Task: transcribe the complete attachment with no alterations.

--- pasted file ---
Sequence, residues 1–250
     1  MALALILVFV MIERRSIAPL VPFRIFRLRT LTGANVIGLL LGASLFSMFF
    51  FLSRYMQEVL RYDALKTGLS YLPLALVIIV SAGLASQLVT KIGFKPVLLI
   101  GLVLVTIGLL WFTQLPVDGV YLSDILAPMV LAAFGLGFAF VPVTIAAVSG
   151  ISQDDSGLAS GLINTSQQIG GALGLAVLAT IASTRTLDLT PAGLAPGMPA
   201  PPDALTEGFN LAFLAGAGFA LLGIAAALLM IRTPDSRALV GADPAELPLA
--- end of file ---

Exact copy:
Sequence, residues 1–250
     1  MALALILVFV MIERRSIAPL VPFRIFRLRT LTGANVIGLL LGASLFSMFF
    51  FLSRYMQEVL RYDALKTGLS YLPLALVIIV SAGLASQLVT KIGFKPVLLI
   101  GLVLVTIGLL WFTQLPVDGV YLSDILAPMV LAAFGLGFAF VPVTIAAVSG
   151  ISQDDSGLAS GLINTSQQIG GALGLAVLAT IASTRTLDLT PAGLAPGMPA
   201  PPDALTEGFN LAFLAGAGFA LLGIAAALLM IRTPDSRALV GADPAELPLA